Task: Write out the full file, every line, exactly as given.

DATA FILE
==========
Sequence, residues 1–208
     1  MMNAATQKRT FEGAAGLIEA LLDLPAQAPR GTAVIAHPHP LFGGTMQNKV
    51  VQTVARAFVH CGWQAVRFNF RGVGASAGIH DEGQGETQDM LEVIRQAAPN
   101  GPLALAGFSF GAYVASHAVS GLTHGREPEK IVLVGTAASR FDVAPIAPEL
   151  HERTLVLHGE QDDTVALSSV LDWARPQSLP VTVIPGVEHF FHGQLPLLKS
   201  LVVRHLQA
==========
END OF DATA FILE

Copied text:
Sequence, residues 1–208
     1  MMNAATQKRT FEGAAGLIEA LLDLPAQAPR GTAVIAHPHP LFGGTMQNKV
    51  VQTVARAFVH CGWQAVRFNF RGVGASAGIH DEGQGETQDM LEVIRQAAPN
   101  GPLALAGFSF GAYVASHAVS GLTHGREPEK IVLVGTAASR FDVAPIAPEL
   151  HERTLVLHGE QDDTVALSSV LDWARPQSLP VTVIPGVEHF FHGQLPLLKS
   201  LVVRHLQA